I recently took a small painting class and the teacher kept saying, "Getting good involves values and mileage." What he meant was that as a painter your biggest problem is the values (light and dark) in the painting. Without values people won't be able to visually understand what they're looking at. In addition to that, and more importantly, you need miles of canvas under your brush. It's literally measured in miles, and until you have some metric of surface painted you can't get good. One teacher said "500 paintings". Others recommend just painting in black and white for a year or more. I took this advice and did loads of monochrome paintings. Many teachers even go so far to say that once you learn some basics all you need is mileage to learn the rest.

If you play music it's measured in hours and days, but you could say that the number of times your hand runs over the instrument is your miles. In programming it's the pages of software you read and (more importantly) write. If it's something that you need to practice, then there's some kind of distance you have to travel to get good at it.

Only way to travel that distance is to start and keep going. The catch is you have to go this distance as a dork because as a beginner you are clueless of social norms in that activity. You just can't help it. Unless you get lucky and figure them out quickly, you'll end up needing to learn the social norms by doing the activity a lot and listening to other people correct you. If you start painting, you won't know the fairly arbitrary rules of composition in western art. If you study guitar you won't know the various social norms of song forms, rhythm, and style. If you write code you won't know the social norms of "idiomatic" code. It's just what being a beginner entails, so you are forced to do this distance as a dork until you figure them out.

Fear of being a dork will limit you in your future educational goals, but it's a fear that's easily overcome. I'm serious. If the thought of being embarrassed sends chills down your spine and drives you away from learning something new then I have a solution for you. It's an easy solution, and it'll help you out tremendously in many other parts of your life. Here it goes:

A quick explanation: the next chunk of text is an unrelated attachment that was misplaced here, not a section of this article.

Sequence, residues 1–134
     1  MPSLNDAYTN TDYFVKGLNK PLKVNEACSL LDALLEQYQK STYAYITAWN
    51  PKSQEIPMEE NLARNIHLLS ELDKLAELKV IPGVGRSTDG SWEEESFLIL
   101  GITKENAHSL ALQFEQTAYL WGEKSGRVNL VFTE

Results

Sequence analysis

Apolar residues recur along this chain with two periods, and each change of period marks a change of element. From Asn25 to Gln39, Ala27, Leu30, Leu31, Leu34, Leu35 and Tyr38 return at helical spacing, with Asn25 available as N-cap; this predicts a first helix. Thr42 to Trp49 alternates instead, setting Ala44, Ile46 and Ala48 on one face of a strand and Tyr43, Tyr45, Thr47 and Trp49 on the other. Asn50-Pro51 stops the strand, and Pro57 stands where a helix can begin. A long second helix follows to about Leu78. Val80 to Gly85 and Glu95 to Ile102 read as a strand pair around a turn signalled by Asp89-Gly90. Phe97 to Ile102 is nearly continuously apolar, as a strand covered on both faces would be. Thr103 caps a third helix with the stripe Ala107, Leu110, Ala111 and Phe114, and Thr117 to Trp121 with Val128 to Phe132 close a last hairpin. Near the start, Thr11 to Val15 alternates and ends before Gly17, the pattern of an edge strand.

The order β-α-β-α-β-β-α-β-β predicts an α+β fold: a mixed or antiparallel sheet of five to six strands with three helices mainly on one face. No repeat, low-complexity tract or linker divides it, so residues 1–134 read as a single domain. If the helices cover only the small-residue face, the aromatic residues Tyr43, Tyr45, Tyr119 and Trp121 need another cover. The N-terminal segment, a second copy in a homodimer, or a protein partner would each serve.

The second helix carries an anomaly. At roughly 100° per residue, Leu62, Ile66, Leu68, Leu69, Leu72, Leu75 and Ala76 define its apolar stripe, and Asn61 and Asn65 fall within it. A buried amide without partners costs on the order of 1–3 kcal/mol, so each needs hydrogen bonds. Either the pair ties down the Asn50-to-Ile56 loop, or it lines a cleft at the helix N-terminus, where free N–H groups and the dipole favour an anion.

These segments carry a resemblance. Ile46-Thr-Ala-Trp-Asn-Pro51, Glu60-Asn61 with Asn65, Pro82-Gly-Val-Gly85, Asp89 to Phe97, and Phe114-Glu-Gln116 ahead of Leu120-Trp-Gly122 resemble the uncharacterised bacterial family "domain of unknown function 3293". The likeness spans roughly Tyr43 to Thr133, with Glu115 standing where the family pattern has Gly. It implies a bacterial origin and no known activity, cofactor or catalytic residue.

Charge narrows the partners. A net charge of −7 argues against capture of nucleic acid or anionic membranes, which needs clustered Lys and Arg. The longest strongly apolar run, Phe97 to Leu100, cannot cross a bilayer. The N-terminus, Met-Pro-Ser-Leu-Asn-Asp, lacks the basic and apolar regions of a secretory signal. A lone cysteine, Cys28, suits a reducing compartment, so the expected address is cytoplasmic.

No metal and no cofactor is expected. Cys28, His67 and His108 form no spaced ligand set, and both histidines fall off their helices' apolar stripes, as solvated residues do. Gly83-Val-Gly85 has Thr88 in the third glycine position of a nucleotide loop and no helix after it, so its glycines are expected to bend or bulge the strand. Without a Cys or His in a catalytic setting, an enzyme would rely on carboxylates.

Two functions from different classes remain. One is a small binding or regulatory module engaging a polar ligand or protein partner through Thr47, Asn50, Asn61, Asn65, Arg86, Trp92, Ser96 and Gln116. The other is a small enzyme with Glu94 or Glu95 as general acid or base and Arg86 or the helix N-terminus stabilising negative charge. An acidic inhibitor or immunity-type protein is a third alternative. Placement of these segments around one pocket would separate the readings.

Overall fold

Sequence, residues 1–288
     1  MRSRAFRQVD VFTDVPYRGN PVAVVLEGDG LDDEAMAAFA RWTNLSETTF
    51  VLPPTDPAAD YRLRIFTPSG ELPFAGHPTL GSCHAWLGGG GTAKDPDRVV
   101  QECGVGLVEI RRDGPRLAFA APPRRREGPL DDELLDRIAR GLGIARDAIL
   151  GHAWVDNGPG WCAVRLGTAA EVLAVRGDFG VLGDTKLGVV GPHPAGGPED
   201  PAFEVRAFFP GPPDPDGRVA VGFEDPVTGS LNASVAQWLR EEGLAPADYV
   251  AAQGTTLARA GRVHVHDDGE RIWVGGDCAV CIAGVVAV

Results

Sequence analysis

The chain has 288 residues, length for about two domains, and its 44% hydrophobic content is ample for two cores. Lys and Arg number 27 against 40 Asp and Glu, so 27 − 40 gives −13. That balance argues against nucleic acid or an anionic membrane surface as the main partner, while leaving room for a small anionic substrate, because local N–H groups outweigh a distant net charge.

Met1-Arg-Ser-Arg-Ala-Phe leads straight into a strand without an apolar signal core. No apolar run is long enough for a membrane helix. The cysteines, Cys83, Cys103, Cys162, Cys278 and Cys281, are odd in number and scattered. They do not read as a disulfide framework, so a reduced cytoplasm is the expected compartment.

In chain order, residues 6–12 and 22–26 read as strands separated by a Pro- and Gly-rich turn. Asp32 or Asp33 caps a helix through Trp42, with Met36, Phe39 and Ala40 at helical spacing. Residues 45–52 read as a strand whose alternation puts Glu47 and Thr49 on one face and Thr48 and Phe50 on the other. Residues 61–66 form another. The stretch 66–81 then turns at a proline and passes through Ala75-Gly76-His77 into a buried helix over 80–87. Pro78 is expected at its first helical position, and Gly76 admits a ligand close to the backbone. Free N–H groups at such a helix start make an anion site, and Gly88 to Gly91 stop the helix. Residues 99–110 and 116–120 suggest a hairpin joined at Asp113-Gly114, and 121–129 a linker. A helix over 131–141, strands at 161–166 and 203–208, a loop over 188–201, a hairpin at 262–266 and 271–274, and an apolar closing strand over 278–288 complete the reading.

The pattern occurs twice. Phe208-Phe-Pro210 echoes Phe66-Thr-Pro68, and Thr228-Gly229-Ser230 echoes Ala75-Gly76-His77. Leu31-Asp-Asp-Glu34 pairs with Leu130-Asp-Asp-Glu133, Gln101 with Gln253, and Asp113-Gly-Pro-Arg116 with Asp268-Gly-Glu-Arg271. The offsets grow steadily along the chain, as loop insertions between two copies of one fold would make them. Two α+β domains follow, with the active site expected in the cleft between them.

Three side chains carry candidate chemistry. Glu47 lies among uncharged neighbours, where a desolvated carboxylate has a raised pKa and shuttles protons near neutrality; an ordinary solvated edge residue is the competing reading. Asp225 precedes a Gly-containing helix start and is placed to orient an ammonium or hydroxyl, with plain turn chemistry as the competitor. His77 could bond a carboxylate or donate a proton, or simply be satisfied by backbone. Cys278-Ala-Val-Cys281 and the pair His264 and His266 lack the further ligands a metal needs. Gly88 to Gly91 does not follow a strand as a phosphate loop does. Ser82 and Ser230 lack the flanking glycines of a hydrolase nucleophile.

Post your attempts online, where nobody can actually hurt you, and be brutally honest about how long you've been doing it and what is good and bad with your attempt.

What will happen is you'll get a panic attack, heart racing, palms sweating, but it's all imagined. The internet's not real. You'll post your total turd of a painting, song, code, and then nothing will happen. Worst thing that will happen is someone says it sucks, but that's when you go, "No shit asshole, I'm just a beginner. Do you punch babies in the face too fuckwad?" As long as you're not delusional most people will say nice things, and some people will say helpful things, and then you just block the rest. A good phrase to start using is, "I feel I've improved in this attempt, but could do better with..." Eventually as you keep posting what you're doing it'll get less and less scary and then something magic happens:

You start getting good and stop being a dork.

Obviously some people are mega assholes, so if you are really truly afraid to post anything online then just do it under an assumed name. Make up a twitter handle and post there. Even better if you can get a few friends who are also learning to post too, that way nobody knows it's multiple people and they'll think it's some crazy prolific beginner.

That's all there is to it, although clearly that's a difficult task. Once you bust through about 10 posted attempts the fear of being a dork will fade away and then you'll be able to just do that dork distance and enjoy it. Dork fear is the mind killer. Embrace it. You are a dork. Welcome to the dork side. I love puns.

Closeup of the painting for today.